When I was working on the lakeboats, we had a partial cargo once of iron ore consigned to Maybelline.  Iron ore as an ingredient for makeup.  From that I can figure that there may well have been ore cars headed to someplace where there was no steel mill, no pig iron production.   Those odd hoppers might have been hauling something just as odd.  Some odd mineral for making colored glass maybe.

Chuck Peck in FL


Re: Norfolk & Western Covered Hoppers

Thomas Klosterman
 

Much of this came from Barberton, Ohio. The Columbia Chemical Co., known locally as "The Chemical" was the site of the first commercial use of the Solvay process to make this. A plaque next to one of the many "dead" lakes states this. These lakes are still extant and are pools of chemical end product with so many chemicals in them that nothing grows there. This plant, later owned by Pittsburg Plate Glass, was served by the Akron and Barberton Belt Railroad (A&BBRR) which interchanged with the PRR and Erie in Barberton. The PRR had covered hoppers in the 50's with the stencil "Return to Barberton, Ohio when empty."

On Tue, Sep 22, 2015 at 1:31 PM, Tim O'Connor timboconnor@... [STMFC] <STMFC@...> wrote:
 


I think soda ash (sodium carbonate) was produced by Solvay in West Virginia,
although I don't know if the N&W got any of that traffic. But soda ash can be
carried in covered hoppers -- unlike caustic soda which I think has to be shipped
in a liquid form in specially lined tanks because it is so corrosive.

Tim O'



The N&W had an important branch that served Saltville, Virginia. Olin Mathieson had extensive works there and produced chlorine and caustic soda, plus dry ice carried in the famous Mathieson reefers. There were other companies there as well. It is possible that some N&W hoppers were assigned to carry dry bulk products from Saltville. Perhaps we have some N&W mavens here who could shed more light on this.

Garth Groff



Re: seasonal coal traffic

paul.doggett2472@...
 

Armand

Probably the same as a DT&I 2 bay hopper was doing in the bay area on the SP about the same time.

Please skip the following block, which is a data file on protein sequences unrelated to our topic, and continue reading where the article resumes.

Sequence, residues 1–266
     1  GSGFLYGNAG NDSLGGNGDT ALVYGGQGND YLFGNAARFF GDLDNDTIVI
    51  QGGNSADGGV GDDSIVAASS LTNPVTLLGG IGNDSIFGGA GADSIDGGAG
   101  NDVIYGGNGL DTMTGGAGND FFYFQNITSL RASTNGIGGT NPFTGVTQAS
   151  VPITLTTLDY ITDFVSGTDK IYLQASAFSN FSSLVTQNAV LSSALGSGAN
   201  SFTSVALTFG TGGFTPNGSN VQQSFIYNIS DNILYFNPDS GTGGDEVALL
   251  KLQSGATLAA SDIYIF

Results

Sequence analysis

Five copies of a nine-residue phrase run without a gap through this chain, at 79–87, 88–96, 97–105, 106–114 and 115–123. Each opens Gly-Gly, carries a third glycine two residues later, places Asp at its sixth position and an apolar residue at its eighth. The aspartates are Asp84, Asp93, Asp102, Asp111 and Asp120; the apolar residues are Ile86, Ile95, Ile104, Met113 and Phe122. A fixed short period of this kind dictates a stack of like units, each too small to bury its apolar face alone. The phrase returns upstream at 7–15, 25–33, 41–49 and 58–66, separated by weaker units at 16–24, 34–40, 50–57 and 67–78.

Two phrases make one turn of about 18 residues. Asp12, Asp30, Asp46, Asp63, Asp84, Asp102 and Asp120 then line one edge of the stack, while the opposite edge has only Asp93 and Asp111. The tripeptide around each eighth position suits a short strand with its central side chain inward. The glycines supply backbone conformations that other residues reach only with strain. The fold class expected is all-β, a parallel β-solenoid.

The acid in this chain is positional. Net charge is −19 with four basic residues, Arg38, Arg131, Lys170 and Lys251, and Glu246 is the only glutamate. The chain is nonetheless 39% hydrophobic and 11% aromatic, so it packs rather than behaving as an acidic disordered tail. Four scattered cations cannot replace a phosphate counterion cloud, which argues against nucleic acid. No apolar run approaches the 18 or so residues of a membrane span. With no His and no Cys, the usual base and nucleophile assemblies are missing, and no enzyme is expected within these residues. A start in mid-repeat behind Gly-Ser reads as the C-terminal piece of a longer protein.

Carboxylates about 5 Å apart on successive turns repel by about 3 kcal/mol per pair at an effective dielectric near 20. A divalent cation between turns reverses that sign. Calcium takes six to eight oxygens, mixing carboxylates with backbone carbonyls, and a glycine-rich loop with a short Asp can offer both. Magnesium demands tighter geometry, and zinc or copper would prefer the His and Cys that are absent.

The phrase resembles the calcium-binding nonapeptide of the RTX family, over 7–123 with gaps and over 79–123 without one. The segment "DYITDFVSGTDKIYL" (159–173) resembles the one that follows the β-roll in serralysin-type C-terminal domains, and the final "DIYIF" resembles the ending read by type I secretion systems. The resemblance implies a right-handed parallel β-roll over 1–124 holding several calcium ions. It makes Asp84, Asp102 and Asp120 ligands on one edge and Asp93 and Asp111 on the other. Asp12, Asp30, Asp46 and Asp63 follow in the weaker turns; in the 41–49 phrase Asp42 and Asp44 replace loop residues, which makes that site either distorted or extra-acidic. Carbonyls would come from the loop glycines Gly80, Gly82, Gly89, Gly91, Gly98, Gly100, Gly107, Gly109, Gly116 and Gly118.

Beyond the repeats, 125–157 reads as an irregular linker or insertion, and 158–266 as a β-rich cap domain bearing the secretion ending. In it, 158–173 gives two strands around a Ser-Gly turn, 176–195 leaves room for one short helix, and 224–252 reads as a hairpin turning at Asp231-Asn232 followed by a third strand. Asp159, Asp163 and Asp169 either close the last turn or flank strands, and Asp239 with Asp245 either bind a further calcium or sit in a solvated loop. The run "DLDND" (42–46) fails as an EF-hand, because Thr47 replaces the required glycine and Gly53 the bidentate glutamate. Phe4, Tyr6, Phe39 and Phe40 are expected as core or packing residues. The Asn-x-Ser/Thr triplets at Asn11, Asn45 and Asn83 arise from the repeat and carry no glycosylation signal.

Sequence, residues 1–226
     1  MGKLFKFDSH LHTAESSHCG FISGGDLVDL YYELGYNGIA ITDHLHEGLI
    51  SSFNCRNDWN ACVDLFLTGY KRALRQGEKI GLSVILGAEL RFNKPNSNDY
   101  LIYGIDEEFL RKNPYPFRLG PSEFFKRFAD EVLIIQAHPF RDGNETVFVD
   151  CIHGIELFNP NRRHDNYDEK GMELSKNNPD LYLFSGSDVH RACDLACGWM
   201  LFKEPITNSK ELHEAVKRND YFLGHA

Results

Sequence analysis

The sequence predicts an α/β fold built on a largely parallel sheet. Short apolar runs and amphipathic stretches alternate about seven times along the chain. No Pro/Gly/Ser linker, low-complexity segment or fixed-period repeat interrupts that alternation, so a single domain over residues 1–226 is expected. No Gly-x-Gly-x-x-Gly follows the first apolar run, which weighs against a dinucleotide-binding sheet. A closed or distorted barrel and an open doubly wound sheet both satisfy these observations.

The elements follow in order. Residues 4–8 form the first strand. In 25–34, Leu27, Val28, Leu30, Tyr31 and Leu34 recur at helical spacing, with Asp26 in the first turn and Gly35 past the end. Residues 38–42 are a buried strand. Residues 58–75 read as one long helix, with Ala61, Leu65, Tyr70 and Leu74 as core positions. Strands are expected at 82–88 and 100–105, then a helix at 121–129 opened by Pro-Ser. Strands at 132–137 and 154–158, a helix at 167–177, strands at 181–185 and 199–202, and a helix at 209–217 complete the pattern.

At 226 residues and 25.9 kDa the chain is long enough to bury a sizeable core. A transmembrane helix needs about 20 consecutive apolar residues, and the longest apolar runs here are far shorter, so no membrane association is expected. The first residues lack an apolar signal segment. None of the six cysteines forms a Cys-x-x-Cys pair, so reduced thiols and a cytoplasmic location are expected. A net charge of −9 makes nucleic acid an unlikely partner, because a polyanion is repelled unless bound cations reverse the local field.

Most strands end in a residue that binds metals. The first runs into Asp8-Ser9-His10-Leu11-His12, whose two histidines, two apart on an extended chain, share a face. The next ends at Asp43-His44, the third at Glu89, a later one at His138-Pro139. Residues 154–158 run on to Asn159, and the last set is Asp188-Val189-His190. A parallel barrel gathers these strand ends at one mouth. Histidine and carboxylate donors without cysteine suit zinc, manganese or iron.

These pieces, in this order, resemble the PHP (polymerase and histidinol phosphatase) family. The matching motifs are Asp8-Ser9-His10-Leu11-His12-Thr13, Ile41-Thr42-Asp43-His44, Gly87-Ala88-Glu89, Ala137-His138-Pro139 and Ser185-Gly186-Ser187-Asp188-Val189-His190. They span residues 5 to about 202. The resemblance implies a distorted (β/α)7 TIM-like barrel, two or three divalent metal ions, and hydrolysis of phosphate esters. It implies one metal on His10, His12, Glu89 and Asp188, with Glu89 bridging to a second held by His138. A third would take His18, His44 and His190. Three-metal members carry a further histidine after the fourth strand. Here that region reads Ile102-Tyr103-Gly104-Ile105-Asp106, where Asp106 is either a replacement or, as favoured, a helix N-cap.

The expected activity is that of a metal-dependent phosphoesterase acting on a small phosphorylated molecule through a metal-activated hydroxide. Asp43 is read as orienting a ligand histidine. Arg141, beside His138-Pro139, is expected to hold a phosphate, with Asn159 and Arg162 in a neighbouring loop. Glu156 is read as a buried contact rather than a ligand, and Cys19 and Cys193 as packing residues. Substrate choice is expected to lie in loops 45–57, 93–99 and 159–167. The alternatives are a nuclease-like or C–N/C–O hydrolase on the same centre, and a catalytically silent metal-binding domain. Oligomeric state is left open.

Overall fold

Paul Doggett UK




Sent from Samsung mobile

"'Armand' armprem2@... [STMFC]" <STMFC@...> wrote:
 



I wish someone could tell me what a CB&Q hopper was doing in Northern Vermont in December of 1950?Armand Premo

----- Original Message -----
Sent: Tuesday, September 22, 2015 3:16 PM
Subject: [STMFC] Re: seasonal coal traffic

 




---In STMFC@..., <jcdworkingonthenp@...> wrote :
The real unknown here is the cost of cheap water transport and the role it played.

However - this all being past history, in my Twin Cities studies, the Q transported coal here from southern Illinois. The transit of lake coal a thousand (?) miles via water, and the one hundred and fifty miles rail transport (Twin Ports-Twin Cities) and the Q still never made real inroads into the Twin Cities coal market. The BTU content of both coals was comparable. The TC market remained strongly lake coal through the time of this list. Only oil and natural gas knocked it off the throne in the late 50's /early sixties, and that was - because of BTU content.
===============

I've often wondered where exactly to draw the line on the map separatin g rail hauled Midwestern coal from lake coal. You mentioned Neenah Foundry... keep in mind it's only maybe fifty miles from the lake at Manitowoc, and C. Reise had a coal pier in Manty. If Neenah Foundry used eastern coal, it was more likely to have come via lake boat than all rail through Chicago. As it was, every major port on the upper lakes had a coal pier; Duluth/Superior, Ashland, Marquette, Sault Ste. Marie, Escanaba, Green Bay, and Manitowoc come to mind, and I'm sure I've missed a few. Wisconsin Electric Power's big (for the time) generating plant at Port Washington, thirty or so miles north of Milwaukee, was built on the lake front specifically so they could take coal directly from lake boats - and this may have been the most circuitous water haul of any, all the way up around the tip of Michigan, and then all the way back down the other side. Yet, while the plant had a rail connection (via former interurban trackage) they never too coal by rail as far as I know.